Foundations of Cognitive Grammar, Vol I - Theoretical Prerequisites
Ronald W. Langacker, 1987

Iconoclasm and Promises
At this point, having just read chapter 1, I would say that this book begins with iconoclasm and promises. I am in sympathy with the iconoclasm and look forward to what is promised.

Experience is What the Brain Does
Langacker has no problem moving from a description of neural activity to the statement that
this constitutes experience . Take note Searle , Chalmers , Tye , others who are puzzled by the nature of experience. Langacker has no need to posit another intermediate layer. He does not stop to ponder that the neural activity CAUSES something else to happen which, in turn, is the experience.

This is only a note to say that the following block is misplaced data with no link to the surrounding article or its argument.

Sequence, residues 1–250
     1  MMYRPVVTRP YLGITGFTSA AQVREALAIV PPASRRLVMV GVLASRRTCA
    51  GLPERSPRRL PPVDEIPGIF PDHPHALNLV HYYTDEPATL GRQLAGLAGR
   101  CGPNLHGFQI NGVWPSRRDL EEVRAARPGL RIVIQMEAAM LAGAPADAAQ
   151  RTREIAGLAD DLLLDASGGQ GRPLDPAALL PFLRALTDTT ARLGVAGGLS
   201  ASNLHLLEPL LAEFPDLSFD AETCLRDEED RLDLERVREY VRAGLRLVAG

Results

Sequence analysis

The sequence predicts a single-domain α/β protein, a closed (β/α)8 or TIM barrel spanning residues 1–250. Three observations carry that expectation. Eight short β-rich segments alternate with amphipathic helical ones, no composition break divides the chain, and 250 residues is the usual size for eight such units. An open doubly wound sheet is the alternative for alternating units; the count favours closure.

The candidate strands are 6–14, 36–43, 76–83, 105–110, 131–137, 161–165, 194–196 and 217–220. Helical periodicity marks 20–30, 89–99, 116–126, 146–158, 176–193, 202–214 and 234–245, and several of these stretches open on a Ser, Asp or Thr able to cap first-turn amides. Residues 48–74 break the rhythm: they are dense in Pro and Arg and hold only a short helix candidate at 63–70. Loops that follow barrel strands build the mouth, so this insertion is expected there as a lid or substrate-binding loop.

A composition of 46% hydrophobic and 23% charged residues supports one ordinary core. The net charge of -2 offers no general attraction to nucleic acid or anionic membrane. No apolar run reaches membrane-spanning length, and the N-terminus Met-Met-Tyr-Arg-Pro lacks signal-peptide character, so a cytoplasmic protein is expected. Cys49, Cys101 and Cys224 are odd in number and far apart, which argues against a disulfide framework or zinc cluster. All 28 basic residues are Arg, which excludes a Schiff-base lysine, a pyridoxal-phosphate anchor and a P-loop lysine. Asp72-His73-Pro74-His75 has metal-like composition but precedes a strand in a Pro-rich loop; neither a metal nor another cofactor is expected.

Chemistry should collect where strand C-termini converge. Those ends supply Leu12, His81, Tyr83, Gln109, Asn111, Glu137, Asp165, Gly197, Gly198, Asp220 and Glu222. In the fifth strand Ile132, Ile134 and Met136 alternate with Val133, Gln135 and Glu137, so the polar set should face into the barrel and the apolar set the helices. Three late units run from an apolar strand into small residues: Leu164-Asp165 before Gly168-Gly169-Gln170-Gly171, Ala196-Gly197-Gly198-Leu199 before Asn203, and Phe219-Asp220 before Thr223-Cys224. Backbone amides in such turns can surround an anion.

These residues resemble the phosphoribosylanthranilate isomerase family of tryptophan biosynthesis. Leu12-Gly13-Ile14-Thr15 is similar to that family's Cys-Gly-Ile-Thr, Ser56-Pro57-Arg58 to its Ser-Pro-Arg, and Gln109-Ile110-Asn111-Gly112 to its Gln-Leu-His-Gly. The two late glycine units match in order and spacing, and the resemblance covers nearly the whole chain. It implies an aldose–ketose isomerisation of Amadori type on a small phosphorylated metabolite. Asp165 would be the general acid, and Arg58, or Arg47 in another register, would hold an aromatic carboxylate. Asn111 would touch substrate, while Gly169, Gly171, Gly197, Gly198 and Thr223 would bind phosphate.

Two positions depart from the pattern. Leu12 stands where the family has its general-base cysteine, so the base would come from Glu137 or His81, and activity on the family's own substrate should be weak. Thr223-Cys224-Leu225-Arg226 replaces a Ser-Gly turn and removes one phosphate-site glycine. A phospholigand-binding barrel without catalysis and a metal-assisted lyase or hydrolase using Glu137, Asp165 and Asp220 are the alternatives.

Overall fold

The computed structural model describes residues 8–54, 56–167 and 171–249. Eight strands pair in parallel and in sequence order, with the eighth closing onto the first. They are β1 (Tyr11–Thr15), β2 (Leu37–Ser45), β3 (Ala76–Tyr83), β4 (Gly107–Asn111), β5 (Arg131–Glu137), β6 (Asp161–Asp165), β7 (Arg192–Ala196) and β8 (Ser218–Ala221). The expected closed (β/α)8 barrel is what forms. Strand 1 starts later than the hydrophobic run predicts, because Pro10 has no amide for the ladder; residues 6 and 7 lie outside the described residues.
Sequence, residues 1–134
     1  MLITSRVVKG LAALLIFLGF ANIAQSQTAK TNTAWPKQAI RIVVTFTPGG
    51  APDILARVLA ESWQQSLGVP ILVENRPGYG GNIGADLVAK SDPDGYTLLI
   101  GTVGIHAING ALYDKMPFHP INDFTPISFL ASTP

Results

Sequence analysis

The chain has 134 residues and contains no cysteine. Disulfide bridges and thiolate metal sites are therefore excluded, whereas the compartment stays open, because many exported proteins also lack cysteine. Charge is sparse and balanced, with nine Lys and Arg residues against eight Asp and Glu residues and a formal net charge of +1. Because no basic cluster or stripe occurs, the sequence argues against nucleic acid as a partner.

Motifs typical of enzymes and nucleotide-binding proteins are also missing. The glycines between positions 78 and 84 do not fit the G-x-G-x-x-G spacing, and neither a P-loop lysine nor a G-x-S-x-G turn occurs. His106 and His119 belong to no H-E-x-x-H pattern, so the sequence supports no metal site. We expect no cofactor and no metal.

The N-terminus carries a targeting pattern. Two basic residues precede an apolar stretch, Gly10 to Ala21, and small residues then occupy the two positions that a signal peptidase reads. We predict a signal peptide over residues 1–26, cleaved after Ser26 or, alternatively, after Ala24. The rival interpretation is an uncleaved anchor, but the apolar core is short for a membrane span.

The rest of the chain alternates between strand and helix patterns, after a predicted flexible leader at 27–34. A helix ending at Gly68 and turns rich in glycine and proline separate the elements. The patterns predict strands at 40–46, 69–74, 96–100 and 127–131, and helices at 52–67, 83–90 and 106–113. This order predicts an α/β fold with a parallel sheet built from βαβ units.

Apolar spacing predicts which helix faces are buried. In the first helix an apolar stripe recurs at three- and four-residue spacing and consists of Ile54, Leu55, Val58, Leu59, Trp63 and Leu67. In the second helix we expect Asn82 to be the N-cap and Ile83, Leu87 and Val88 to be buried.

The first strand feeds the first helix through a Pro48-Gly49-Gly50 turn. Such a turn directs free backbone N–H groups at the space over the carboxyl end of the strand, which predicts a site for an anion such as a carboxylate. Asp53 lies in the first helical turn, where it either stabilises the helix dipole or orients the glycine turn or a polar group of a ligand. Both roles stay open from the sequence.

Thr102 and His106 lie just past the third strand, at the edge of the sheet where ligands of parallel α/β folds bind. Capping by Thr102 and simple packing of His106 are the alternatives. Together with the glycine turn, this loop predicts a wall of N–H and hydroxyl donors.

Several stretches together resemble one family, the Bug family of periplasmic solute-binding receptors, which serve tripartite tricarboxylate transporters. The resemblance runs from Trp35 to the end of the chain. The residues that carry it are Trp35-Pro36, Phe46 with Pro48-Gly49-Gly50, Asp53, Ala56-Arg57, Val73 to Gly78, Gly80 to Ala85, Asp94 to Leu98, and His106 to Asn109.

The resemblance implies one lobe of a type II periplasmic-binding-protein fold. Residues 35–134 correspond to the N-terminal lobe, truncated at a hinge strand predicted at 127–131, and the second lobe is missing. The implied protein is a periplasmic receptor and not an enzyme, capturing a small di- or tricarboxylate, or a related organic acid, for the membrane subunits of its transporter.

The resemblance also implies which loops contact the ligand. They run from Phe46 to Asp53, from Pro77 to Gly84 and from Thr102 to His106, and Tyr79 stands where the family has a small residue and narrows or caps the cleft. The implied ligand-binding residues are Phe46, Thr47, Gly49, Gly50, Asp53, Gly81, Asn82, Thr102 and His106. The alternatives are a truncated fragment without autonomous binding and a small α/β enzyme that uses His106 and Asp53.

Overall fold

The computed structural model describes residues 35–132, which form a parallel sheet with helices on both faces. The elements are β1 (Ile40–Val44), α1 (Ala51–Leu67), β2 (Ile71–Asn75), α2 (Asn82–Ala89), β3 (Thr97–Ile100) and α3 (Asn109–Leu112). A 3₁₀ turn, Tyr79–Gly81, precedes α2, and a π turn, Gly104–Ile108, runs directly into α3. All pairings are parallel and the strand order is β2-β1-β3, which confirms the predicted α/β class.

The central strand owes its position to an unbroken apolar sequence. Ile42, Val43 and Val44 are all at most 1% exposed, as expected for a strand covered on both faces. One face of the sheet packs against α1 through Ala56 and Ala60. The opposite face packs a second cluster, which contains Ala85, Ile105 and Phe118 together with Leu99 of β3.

Exact Comparison?
Throughout
this section , Langacker uses the term "identical" to describe the results of various comparisons. Surely, he would agree that the essence of such comparisons is a result of "nearly" identical, and of differences which are "near" zero, rather then being exactly zero. In the section on Structure, we find a paragraph which discusses closure and this central issue, that the "full mental experience is this elicited despite the imperfections of the input."

Autonomous Emotions?
Both
Damasio and Johnston would debate that emotions are inherently autonomous . Both authors thoroughly document that emotions include an external or display component as well as an internal or conscious component. Still, this fine point does not detract from Langacker's claims.


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